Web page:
The Physical Mechanisms of Surface Photoreactions.
The study of photoreactions of molecules adsorbed on solid surfaces in ultrahigh vacuum has attracted increasing attention over the last several years and will undoubtedly develop as one of the major fields in surface science in the coming years. In this thesis, photodesorption, photodissociation, and photosynthesis of molecules on semiconductor and metal surfaces are characterized by mass spectrometry and vibrational spectroscopy, and the physical mechanisms that drive surface photoreactions are elucidated by analyzing the photoyield. The surface-temperature rise due to unfocused continuous-wave irradiation is experimentally measurable and fully controllable. It is found that desorption of Mo(CO)_6 and CH_3 CH_2OH from Si(111)7 x 7 under high-power visible irradiation is due to irradiative heating. The thermal reaction channel, however, is effectively suppressed at relatively low powers. Mo(CO)_6 photodissociates nonthermally on Si(111)7 x 7 and Cu(111) under UV irradiation. The surface photodissociation is induced by direct photoelectronic excitation of the adsorbate and differs from the gas-phase photodissociation by reduced photoyields and incomplete dissociation. NO molecules adsorbed on Si(111)7 x 7 have both occupied and empty levels very close to the Fermi level of the substrate. It is found that hot carriers photogenerated in the substrate with UV to IR photons can interact with these levels, indirectly leading to photoexcitation of NO. Simultaneous photodesorption of NO, photodissociation of NO, and photosynthesis of N_2O from NO occur on Si(111)7 x 7. The occupied and empty levels of Mo(CO) _6 are far from the Fermi levels of Si(111)7 x 7 and Cu(111), which explains the absence of the substrate -mediated photoexcitation. However, when K is coadsorbed with Mo(CO)_6 on these surfaces, the Fermi levels are raised substantially towards the empty levels of Mo(CO)_6. Consequently, the interaction of photogenerated hot electrons with these empty levels becomes energetically possible. Due to this additional channel, photodissociation of Mo(CO) _6 on K-preadsorbed surfaces is substantially enhanced in the UV and extends to the visible and near -IR regimes.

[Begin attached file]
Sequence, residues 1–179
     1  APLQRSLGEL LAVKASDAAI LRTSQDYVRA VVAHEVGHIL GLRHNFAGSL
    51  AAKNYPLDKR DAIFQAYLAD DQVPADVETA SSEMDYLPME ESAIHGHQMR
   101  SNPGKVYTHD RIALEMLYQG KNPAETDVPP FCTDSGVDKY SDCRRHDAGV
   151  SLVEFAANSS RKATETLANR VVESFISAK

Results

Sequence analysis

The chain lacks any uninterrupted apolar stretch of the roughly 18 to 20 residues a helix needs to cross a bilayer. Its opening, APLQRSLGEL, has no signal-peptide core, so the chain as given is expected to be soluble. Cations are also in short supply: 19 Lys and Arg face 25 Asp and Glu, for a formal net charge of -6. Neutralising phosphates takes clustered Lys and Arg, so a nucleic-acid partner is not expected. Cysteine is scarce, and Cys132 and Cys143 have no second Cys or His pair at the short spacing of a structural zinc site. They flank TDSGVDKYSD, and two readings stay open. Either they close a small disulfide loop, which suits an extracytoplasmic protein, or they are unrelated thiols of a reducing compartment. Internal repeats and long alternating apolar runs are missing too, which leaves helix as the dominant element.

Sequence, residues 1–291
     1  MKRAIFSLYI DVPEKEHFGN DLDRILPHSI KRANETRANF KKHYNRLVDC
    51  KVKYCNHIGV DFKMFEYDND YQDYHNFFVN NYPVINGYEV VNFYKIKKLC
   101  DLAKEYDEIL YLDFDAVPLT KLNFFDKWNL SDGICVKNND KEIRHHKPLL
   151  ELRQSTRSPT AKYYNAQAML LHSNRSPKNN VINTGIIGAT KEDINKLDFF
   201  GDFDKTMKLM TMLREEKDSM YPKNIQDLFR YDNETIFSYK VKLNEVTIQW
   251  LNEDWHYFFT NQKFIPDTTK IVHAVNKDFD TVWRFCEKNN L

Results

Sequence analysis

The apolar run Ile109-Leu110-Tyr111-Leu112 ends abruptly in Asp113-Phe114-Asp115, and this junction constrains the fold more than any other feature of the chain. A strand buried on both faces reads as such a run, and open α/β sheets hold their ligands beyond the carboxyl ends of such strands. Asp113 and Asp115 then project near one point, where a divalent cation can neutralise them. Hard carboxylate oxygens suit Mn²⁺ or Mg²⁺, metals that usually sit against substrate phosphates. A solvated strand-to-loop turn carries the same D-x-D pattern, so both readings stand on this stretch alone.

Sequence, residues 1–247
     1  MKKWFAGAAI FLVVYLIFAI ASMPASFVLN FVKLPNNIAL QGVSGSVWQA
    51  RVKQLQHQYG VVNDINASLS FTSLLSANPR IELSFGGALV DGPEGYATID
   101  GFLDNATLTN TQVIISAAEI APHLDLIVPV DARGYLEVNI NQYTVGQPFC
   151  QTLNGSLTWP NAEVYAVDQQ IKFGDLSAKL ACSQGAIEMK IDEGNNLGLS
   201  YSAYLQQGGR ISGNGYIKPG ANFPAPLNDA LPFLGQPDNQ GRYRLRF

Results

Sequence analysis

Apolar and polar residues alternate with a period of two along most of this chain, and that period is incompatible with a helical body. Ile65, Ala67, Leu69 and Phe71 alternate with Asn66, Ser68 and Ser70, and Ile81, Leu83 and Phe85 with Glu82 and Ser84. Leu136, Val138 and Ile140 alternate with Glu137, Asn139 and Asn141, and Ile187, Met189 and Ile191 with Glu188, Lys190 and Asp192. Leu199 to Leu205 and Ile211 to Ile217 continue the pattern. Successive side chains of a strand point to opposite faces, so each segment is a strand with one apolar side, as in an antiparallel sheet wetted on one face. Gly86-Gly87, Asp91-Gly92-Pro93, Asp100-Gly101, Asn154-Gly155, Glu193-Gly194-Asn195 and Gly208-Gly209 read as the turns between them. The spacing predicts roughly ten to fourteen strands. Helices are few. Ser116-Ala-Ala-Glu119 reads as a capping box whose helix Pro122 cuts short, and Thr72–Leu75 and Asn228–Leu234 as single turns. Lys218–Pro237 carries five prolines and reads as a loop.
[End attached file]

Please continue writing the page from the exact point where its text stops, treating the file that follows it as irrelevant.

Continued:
- Pub Date:
- Physics: Condensed Matter; Chemistry: Physical